The 80% Rule


Music Composerby Robin Munson

Years ago, when I was taking the yoga teacher training, I remember something my mentor, Christy, said that has stayed with me ever since. We were talking about how hard it is to be consistent in your practice – whether we’re talking about meditation, or asana (the physical poses of yoga), or for some of us, composing music. We start out with the best of intentions (New Year’s resolutions, anyone?). And then life happens. We had planned to live on vegetables and whole grains from now on, but a friend presented us with a homemade chocolate cake. We were going to study all weekend every weekend, but the sun came out and lured us to the beach.

We were going to meditate for twenty minutes every morning at sunrise, but on the third morning the dog demanded to be walked. We were going to floss every night for the rest of our life – but one night we were so tired that we just forgot. We were going to write a cue a day for the next year, but one day we came down with the flu and spent the next week in bed watching “I Love Lucy” reruns. Sometimes we break our own resolutions repeatedly and we don’t even know why, we just do. But that’s not the problem. The problem is in how we react.

I don’t know about you, but for me, a lot of my life has been a constant inner dialog that goes something like this:

Inner Critic: “Look at that! You didn’t even write in your journal this morning! What kind of a ‘writer’ are you? You’re lazy. You’re stupid. You might as well give up!”

Inner Artist: “You’re right. I guess I’m not worthy of the name. I might as well pack it in!”

Now, that’s a problem! The self-loathing that can result from such a harsh taskmaster can cause many of us to sabotage ourselves.

But here is what Christy shared with us: “It’s what you do eighty percent of the time that counts.” Think about it. A 100% rule would set almost anyone up for failure: “I must meditate every morning at sunrise for 20 minutes.” An 80% rule allows us to be human: “I will set an intention to meditate most mornings for about 20 minutes.” Ahh, I feel better already!

Now I can hear some of you saying to yourselves, “Yes, but what if I don’t make the 80%? What if I forget to meditate for a month at a time? What if I lose my journal and fail to replace it for a year? What if I get on a sugar binge and gain five pounds?” “What if I get distracted with email for a week and don’t write a single cue?” The trick is not to beat yourself up over it. Let the 80% rule apply in the broader sense: “Eighty percent of the time I manage to get to my 80% intention.” Or “Looking at my life as a whole, I have good intentions at least 80% of the time.” In school, an 80% is the equivalent of a “B”. That’s just fine!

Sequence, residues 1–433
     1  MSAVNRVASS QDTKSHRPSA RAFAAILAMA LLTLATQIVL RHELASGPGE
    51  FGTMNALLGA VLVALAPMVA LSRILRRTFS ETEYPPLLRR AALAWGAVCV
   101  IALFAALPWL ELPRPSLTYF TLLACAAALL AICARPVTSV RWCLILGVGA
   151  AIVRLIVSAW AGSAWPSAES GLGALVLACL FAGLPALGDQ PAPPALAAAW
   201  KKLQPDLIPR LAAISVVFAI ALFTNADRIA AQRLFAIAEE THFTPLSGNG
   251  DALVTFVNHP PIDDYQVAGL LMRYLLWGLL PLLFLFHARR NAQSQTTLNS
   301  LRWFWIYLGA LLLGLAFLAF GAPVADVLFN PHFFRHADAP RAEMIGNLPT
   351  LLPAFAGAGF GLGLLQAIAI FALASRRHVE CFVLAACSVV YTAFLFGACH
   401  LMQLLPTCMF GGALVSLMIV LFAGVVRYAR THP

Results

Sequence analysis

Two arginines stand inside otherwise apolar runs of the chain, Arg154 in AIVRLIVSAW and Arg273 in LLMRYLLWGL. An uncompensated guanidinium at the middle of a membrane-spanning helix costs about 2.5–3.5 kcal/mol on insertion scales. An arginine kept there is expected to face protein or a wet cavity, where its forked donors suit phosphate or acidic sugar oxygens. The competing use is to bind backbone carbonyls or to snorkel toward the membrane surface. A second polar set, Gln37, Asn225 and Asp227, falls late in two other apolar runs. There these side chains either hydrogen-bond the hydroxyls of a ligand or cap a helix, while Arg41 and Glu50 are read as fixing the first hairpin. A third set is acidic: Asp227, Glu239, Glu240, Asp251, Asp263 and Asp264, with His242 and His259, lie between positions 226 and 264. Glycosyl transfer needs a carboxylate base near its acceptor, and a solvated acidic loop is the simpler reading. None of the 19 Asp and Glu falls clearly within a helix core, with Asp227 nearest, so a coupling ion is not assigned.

When she raises her pointy little head, thank your inner critic for sharing with you. Then go about your business, honoring your human foibles with compassion and a little humor. I’m guessing you’ll feel a lot better for it. I know I do.

8 Replies to “The 80% Rule”

    1. Hi Cyberk 91,
      Thanks for your kind words. Yeah, I’ve never even tried hot yoga. I’m sure it’s a great workout, but my reasons for practicing yoga are more about achieving serenity and not about being an athlete. I suppose in the interest of fairness I should try it, but — nah — don’t want to!

  1. Great words of wisdom Robin!

    Pehaps our “inner crtics” are so demanding because we don’t have to look too far, especailly on forums, to find “outer critics” (anonymous of course). Just look at the debates that arise when someone mentions RF libraries!

    1. Hi Michael,
      Well, it doesn’t help, does it – all that “outer critic” stuff! All the more reason why we have to look inward for validation. And that is a life-long learning experience, I find.

  2. Robin, this so reminds me of my great grandmother! She died in the late 1900s – but she had been an American pioneer, leaving the East Coast to become a settler in a land grant rush, and ended up homesteading in Missouri. She lived to the ripe old age of 96 (in 1970, that was SOMETHING)! She would take a shot of scotch with my dad (in her wheelchair), she was a Rook champion well into her 80s, and had quite a sense of humor! When someone would ask her how she lived so long, she’d say “Moderation in ALL things – including moderation.” Meaning live a good life, but kick it out once in awhile. 🙂 That’s pretty much an 80% rule, ‘eh? Best to you and Art!

    1. Hi Janet,

      Your great-grandmother sounds like an amazing woman! Very strong, brave and wise! Thank you for sharing that with us. 96?! How wonderful. . . Bodes well for you, and what an inspiration!

      Warmest wishes to you, too.

  3. Brilliant insight Robin and solution.
    What is it about creatives that mean we have to beat ourselves up over every aspect of our lives.Constant torment.
    I wonder how many bricklayers lay awake at night wishing they had laid a particular brick straighter?


    1. Hi Michael,

      Isn’t it the truth?! But it’s never too late to learn. I’m getting more like a bricklayer every day! 🙂 Thank you for your kind remarks.

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